Marching to the Beat
Well-Orchestrated Growth of Massive Galaxies in the Early Universe
Kavli Institute for the Physics and Mathematics of the Universe
An international team of astronomers including John Silverman, Assistant Professor at the Kavli Institute for the Physics and Mathematics of the Universe (Kavli IPMU), the University of Tokyo, participating in the Cosmological Evolution Survey (COSMOS), has found that galaxies, ten billion years ago, provided a nurturing environment for the birth of new stars at remarkable rates while at the same time as orderly as commuters on a typical Tokyo workday. Even at these early times, there are signs of maturation, since the surroundings of massive galaxies were relatively dusty and enriched by heavier elements. These findings center on a major question: What was the Universe like when stars were being formed at maximum rate?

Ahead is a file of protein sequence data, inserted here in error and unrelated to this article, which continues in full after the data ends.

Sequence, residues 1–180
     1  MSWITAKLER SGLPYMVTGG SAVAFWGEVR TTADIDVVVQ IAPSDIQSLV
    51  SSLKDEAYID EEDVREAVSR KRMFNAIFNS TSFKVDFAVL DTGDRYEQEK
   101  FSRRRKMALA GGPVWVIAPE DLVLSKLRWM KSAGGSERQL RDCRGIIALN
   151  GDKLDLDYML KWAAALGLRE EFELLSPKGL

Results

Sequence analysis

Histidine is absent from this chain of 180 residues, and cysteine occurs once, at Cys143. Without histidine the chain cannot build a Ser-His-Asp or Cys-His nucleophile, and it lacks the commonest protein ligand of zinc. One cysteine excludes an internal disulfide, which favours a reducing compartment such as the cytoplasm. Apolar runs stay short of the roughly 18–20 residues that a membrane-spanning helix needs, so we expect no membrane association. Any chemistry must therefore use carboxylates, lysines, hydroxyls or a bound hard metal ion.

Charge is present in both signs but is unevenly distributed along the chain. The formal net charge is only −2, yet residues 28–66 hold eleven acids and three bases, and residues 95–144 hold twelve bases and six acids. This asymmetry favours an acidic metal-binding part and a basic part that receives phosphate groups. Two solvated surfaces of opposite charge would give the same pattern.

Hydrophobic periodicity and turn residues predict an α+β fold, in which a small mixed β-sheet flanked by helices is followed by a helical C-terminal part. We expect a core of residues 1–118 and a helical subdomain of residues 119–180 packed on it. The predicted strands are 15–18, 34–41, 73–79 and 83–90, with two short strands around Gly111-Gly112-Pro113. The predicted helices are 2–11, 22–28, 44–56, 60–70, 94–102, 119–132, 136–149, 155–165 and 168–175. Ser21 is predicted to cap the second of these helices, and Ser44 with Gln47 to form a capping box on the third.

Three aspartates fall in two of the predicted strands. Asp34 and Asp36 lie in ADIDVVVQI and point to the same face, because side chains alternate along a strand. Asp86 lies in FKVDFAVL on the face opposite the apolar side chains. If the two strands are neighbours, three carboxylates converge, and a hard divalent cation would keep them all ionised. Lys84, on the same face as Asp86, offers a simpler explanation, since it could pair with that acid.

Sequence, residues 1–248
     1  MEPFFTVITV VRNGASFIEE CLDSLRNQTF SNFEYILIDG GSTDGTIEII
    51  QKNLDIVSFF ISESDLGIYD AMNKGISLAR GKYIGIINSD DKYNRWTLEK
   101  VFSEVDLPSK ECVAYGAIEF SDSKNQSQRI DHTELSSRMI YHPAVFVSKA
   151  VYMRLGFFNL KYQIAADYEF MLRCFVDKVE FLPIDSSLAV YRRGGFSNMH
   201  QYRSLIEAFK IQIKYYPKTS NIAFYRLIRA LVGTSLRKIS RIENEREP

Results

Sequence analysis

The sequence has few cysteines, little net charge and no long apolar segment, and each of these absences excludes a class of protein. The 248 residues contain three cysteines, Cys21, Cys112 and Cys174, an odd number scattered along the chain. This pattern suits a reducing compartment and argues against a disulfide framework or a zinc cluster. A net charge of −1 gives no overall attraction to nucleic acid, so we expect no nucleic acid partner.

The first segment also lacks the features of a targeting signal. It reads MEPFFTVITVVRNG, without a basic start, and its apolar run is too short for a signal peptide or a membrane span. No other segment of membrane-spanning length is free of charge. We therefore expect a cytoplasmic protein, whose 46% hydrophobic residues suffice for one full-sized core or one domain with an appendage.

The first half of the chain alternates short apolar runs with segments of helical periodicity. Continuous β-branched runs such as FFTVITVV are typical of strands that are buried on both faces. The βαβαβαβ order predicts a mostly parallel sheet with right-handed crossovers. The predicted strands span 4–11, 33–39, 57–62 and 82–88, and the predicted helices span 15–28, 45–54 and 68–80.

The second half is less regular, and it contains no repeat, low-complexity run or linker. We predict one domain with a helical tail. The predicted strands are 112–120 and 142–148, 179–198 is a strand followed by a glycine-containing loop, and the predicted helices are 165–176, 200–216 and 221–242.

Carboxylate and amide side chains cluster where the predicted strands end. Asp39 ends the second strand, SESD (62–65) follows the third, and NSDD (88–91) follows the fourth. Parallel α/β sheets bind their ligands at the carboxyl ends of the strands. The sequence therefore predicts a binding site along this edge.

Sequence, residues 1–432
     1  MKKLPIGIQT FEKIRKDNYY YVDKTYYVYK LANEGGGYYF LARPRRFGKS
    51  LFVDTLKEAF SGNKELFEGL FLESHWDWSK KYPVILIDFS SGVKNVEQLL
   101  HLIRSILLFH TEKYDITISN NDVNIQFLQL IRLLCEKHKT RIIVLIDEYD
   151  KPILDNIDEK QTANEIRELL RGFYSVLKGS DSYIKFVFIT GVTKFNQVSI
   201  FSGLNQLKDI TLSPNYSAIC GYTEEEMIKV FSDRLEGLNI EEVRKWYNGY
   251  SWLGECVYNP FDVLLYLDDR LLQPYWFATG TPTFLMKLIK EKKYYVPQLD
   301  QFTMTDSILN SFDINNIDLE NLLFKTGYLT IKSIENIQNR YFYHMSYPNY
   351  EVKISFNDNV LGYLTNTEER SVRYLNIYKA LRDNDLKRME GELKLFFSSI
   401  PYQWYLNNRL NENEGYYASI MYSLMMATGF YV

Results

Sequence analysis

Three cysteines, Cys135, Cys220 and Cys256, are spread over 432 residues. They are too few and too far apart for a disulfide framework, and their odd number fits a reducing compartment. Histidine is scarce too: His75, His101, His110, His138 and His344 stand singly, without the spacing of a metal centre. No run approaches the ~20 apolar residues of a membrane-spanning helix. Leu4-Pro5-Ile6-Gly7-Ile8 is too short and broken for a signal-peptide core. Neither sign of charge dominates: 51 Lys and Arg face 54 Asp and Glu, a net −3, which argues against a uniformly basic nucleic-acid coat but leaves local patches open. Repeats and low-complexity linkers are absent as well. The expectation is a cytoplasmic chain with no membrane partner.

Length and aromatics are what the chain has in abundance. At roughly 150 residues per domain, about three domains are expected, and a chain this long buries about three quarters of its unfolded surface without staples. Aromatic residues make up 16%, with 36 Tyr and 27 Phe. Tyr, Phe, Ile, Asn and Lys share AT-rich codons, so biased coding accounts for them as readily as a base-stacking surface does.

This research uses the Fiber-Multi-Object Spectrograph (FMOS) mounted on the Subaru Telescope to map the distribution of over 1,000 galaxies as part of a project to create a map of the Universe of ten billion years ago. Creating such a map will help us understand the role of the environment of large-scale structures in how the early Universe developed into the Universe we inhabit today.
D. Kashino, J. D. Silverman, G. Rodighiero et al.,
“The FMOS-Cosmos Survey of Star-Forming Galaxies at z~1.6 I. Hα-Based Star Formation Rates and Dust Extinction”,
The Astrophysical Journal Letters volume 777, L8 (2013), doi: 10.1088/2041-8205/777/1/L8.
Past press release (Japanese)